Spyware is a word most of us have been hearing for years, but don’t exactly know much about.
Between malware, ransomware, and adware, it’s easy to get flustered and group all of these ‘wares’ together. While they all have negative effects on your devices and online experiences, spyware is especially devious.
What Is Spyware?
Spyware gets its name from, you guessed it, spying on you.
First, it finds a way to install itself into your computer. You can unknowingly download spyware by clicking on a pop-up window, through Trojan viruses, phishing emails, or drive-by downloads. Then, it secretly monitors your behavior without your permission, and usually without your knowledge.
From there, it gathers information such as your name, address, browsing habits, and interests and sends it back to another party–oftentimes an advertiser. That’s why it’s sometimes referred to as ‘adware.’
It can even steal your passwords and usernames.
And some spyware listens to you through your microphone and observes through your camera–whether through your phone or computer.
How Do I Know If I Have It?
While it tries to operate quietly in the shadows, spyware gives off some tell-tale signs.
Here are some red flags that indicate you might have spyware on your computer:
- Slower system performance
- Difficulty connecting to the internet
- Frozen applications
- System crashes
- Constant pop-up ads, even when off the internet
- Files start appearing on your computer out of nowhere
- New toolbars or search engines that you don’t recall installing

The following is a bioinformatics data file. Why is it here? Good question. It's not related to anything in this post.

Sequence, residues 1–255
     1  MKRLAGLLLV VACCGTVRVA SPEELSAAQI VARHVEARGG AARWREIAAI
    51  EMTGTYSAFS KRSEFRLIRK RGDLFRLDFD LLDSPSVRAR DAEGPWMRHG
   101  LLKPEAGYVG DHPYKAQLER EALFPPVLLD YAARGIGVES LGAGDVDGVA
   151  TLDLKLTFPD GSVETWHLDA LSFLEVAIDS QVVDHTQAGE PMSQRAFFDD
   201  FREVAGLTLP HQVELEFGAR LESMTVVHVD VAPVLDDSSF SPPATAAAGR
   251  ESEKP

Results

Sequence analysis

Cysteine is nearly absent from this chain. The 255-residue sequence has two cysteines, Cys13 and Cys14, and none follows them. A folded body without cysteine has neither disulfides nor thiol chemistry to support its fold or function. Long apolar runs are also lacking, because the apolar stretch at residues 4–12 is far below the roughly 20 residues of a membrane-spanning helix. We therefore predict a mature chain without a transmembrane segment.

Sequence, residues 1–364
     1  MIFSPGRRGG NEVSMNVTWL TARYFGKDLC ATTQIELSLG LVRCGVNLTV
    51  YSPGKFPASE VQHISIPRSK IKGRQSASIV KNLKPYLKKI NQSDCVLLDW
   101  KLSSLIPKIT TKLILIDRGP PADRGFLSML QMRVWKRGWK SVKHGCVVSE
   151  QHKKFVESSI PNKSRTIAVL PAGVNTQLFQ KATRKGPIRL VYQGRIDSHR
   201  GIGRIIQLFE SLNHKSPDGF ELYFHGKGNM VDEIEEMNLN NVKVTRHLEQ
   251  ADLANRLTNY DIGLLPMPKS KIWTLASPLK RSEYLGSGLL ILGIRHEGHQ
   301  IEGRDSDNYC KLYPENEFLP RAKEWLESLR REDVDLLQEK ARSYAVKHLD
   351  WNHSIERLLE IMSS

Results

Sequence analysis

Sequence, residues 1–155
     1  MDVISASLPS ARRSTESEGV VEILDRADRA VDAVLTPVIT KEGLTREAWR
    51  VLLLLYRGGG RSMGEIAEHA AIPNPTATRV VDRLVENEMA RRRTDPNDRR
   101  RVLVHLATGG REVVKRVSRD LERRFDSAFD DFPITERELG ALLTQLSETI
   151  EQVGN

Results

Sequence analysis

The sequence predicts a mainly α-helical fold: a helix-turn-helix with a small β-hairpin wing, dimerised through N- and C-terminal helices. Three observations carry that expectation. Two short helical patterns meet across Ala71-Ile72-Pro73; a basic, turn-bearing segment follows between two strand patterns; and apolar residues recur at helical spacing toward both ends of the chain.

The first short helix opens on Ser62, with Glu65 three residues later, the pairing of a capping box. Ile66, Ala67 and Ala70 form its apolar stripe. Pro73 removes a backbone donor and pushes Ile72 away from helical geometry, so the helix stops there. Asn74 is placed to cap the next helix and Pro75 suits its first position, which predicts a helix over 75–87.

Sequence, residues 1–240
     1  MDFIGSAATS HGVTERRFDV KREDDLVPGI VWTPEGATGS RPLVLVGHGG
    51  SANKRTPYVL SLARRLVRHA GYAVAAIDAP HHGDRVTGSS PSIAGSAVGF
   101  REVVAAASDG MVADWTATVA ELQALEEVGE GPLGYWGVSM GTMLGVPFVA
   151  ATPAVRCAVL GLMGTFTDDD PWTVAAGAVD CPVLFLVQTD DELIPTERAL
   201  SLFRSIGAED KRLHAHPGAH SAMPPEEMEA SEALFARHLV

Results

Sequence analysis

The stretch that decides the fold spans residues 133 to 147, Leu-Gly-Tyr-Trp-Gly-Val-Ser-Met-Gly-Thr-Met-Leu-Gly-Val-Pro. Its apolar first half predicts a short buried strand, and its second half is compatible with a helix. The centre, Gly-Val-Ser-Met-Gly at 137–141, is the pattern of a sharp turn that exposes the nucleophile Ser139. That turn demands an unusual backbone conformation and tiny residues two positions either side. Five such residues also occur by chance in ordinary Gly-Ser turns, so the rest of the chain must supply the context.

- Lower battery life of your device
- Lower CPU capacity or disk storage
If you’re experiencing several of these issues at the same time, it’s time for you to take action.
How to Protect Yourself Against Spyware
First, remove any spyware that may already be on your device. To do that, enlist a trusted spyware removal program or anti-virus software, such as Norton or Kaspersky.
Then, follow these steps to protect yourself against another infiltration:
- Never click on suspicious emails or links. They’re often laced with malware or spyware.
- Stay away from unsecured wifi, or use a Virtual Private Network VPN to add an extra layer of online protection.
- Be cautious of pop-ups. Never click ‘yes’ or ‘agree’ on a pop-up window. Always look for the ‘x’ button.
- Adjust the security settings on your browser, or use a browser known for its safety and security.
- Keep your operating system updated. Updates often contain patches to protect you from hackers and malware.
- Maintain an anti-spyware program on your devices.
And if you feel like your security has been compromised or someone has accessed your sensitive information, contact us today for immediate help.
Featured image by archy13 from Shutterstock.com